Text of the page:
Cowell's life quickly evolved into one of multipleactivities. He formulated his ideas in a visionary bookNew Musical Resources (1916-19, published 1930). In1925, not content with theorizing, he created theCalifornia Society for New Music, which became asupport system for composers, first as a concert series,then a periodical, New Music, in which he publishednew works by senior masters and young hopefuls, and arecording series. In the early 1930s he initiated avisionary music programme at the New School forSocial Research, New York, which included a uniqueoffering of non-Western music. A GuggenheimFellowship in 1931-32 gave Cowell the opportunity toextend his knowledge of non-Western music at thephonograph archive of the University of Berlin. Armedwith an impressive grasp of other musical cultures, heproduced compositions, lectures, and writingsmanifesting his conviction that the world's musics forma gigantic resource whose elements can be recombinedinto unusual amalgams. He campaigned for publicawareness of non-Western music through lectures andradio programmes entitled Music of the World'sPeoples, and recordings on the Folkways label.
In the later 1920s Cowell began to write much morechamber, orchestral, and vocal music. Although hisexperimental nature became less overt, he never lost anindefinable quirkiness that reflects his celebrated wit.
Six Casual Developments (1933) for clarinet and piano,which was also arranged for woodwind quintet and forclarinet and chamber orchestra, includes his onlyattempt at jazz-influenced style. In Two Songs (1936) topoetry of Catherine Riegger, daughter of composerWallingford Riegger, he combined a tonal melody andharmonization with a haunting foundation of toneclusters,bringing the poetry to life in a manner that issimultaneously traditional and modern.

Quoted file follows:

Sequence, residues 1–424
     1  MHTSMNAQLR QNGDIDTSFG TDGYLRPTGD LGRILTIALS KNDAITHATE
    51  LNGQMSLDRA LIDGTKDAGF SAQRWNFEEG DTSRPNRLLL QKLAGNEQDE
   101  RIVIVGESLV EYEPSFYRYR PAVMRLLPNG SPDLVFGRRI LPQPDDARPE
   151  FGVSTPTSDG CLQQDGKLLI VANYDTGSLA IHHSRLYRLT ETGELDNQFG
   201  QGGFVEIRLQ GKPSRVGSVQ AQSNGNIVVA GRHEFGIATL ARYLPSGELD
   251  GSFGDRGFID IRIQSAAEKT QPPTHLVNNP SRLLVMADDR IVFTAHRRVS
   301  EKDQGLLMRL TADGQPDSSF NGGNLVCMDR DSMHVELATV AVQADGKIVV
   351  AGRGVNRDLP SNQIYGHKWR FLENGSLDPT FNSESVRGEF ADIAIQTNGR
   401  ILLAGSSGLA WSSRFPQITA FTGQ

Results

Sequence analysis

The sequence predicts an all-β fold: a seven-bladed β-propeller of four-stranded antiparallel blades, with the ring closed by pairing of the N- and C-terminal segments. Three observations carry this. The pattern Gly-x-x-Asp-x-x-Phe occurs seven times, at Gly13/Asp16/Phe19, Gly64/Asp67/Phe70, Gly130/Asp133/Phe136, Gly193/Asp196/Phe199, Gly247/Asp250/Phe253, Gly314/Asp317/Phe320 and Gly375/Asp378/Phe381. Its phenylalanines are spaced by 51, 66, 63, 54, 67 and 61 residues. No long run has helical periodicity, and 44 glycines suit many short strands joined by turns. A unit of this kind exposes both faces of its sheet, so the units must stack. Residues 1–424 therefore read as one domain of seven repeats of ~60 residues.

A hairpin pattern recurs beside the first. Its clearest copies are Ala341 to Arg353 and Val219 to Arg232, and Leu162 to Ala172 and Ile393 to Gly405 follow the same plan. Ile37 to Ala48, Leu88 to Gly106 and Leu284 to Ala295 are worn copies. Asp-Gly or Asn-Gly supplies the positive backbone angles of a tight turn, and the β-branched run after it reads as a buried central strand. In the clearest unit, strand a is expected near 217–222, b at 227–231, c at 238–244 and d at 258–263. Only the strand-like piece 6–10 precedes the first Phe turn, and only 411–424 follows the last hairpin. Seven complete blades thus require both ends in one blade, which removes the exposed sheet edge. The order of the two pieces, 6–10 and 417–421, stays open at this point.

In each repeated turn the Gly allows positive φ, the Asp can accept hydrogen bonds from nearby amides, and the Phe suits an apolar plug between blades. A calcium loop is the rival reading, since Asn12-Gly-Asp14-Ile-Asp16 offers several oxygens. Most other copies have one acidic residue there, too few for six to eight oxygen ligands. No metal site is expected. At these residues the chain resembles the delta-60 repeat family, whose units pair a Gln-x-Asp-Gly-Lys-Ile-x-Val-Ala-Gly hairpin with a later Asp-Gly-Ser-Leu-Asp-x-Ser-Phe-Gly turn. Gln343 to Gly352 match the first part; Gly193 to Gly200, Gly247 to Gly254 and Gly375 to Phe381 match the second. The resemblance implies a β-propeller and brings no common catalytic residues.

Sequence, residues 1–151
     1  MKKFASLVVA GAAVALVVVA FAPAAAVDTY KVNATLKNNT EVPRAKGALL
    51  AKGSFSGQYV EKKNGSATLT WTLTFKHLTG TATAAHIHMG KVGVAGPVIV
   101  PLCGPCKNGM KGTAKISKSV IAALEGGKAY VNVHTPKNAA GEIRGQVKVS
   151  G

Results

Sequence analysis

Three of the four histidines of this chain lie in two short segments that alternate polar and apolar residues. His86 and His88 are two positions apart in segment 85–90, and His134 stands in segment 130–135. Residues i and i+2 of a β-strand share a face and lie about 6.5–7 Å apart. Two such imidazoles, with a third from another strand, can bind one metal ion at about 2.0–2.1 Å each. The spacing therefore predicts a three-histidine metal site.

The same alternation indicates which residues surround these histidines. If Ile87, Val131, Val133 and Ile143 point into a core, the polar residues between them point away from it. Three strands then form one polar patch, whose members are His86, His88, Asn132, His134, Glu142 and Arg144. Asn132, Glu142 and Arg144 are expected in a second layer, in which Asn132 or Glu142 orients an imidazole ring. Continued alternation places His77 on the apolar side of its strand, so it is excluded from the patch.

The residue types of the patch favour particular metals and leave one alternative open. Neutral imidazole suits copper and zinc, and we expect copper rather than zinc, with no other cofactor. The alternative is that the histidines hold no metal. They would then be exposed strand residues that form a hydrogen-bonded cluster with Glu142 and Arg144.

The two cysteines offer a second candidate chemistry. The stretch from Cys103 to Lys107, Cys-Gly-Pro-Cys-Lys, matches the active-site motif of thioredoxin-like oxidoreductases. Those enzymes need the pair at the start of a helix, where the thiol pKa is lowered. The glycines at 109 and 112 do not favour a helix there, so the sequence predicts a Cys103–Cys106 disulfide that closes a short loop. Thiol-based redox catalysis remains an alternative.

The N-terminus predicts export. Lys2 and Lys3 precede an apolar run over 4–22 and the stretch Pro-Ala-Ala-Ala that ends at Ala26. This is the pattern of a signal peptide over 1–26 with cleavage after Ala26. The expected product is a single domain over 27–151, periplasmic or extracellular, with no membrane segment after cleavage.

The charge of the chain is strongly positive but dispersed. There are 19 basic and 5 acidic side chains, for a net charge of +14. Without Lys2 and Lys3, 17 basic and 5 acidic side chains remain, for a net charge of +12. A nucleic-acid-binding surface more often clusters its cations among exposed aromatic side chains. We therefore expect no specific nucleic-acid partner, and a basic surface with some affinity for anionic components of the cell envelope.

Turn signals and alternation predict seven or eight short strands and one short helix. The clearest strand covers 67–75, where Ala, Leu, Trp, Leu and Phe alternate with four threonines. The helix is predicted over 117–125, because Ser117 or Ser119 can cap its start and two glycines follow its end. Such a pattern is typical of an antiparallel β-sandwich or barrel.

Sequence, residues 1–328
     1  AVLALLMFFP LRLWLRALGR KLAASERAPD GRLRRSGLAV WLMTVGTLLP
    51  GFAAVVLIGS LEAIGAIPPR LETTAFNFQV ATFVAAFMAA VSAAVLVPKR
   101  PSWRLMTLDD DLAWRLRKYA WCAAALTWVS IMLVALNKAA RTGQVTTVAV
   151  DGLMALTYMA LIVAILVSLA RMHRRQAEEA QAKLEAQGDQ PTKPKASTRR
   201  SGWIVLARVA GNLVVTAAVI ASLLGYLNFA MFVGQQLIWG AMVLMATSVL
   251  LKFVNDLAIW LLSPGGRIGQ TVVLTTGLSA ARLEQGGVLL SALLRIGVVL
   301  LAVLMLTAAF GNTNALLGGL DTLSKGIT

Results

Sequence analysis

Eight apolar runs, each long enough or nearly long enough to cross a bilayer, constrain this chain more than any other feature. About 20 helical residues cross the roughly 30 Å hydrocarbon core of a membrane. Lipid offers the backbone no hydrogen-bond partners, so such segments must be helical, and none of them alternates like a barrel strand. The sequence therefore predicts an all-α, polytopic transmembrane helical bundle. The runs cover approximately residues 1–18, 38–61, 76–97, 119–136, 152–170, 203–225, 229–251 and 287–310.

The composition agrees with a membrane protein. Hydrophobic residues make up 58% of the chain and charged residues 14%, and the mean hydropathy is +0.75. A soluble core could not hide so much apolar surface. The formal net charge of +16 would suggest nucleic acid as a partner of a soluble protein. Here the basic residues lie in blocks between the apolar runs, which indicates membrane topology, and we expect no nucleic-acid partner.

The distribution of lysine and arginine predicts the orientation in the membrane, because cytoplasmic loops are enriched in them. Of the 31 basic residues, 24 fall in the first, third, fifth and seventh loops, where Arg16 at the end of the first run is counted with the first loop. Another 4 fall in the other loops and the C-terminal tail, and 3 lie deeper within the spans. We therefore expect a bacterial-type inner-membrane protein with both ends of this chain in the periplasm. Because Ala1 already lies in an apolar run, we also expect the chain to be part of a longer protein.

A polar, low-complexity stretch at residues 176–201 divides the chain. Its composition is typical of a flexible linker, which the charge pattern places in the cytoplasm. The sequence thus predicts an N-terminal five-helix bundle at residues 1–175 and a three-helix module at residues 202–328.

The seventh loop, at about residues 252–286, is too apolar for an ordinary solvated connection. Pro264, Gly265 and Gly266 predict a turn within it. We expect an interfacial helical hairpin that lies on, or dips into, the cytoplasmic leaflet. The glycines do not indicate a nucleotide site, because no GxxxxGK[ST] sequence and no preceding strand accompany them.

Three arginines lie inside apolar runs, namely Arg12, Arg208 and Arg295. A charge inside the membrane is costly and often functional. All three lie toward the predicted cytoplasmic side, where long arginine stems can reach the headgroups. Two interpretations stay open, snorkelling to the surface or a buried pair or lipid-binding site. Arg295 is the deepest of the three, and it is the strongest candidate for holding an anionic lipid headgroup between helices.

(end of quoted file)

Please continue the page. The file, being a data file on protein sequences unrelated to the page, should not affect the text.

Unfortunately in 1936 Cowell's life took a terribleturn: jailed on a morals charge, he received a fifteenyearprison sentence. Paroled after four years in SanQuentin, he made his home in New York, and marriedthe folk-song collector Sidney Hawkins Robertson. In1942 the Governor of California, having learned thateven the prosecutor considered Cowell's convictionunjust, pardoned him. During the remainder of his lifehe taught at the New School for Social Research,Columbia University, the Peabody Conservatory, andmany other institutions.
One of the most dazzling post-war pieces, and oneof several in which he applied his ideas of world musicalfusion, is Set of Five (1952). In its quasi-baroque Largo,the piano and violin are supported by a rhythmic"continuo" on muted gongs. The Allegro blends violin,piano, and xylophone into a single colour; a contrastingTrio exploits lower-pitched sounds with startling effect.
The central movement, resembling a baroque cantabile,has a very un-baroque accompaniment of Indian tablasor tom-toms (the latter in this recording). In the secondPresto, an Indian Jalatarang, or a set of five porcelain ormetal bowls, provides punctuation (Continuum usedsoup bowls). Clear formal logic disguises continuousvariation that makes both scherzo-like movements intomonumental tongue-twisters. The majestic finaleencapsulates Cowell's career, with tone-clusters,harmonics on the piano strings, non-western percussion,tonal harmonies, and unabashed songfulness.
In 1956-57, the Cowells travelled throughout Asiato hear traditional music in its own setting. This journeyincluded an extended stay in Iran, where Cowell helpeddevelop radio programming, and a visit to the MadrasMusic Festival, the greatest annual showcase for Indianclassical music. Among the products were two worksmixing Persian and Western idioms and instruments:Persian Set, for chamber orchestra, and Homage to Iran.
Although Cowell rooted the works in Persian culture, hecomposed not as if he were Persian, but as an Americanvisitor striving for musi